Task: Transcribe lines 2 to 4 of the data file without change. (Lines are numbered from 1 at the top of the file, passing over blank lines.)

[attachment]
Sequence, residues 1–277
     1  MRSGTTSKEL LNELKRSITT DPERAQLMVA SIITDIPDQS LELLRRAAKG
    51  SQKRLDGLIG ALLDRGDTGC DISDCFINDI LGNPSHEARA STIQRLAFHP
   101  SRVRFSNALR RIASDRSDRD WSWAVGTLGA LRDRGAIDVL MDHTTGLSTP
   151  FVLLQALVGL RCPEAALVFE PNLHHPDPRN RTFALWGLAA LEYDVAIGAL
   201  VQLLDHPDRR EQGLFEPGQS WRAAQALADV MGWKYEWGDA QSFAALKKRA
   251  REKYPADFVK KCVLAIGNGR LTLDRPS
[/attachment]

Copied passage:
     1  MRSGTTSKEL LNELKRSITT DPERAQLMVA SIITDIPDQS LELLRRAAKG
    51  SQKRLDGLIG ALLDRGDTGC DISDCFINDI LGNPSHEARA STIQRLAFHP
   101  SRVRFSNALR RIASDRSDRD WSWAVGTLGA LRDRGAIDVL MDHTTGLSTP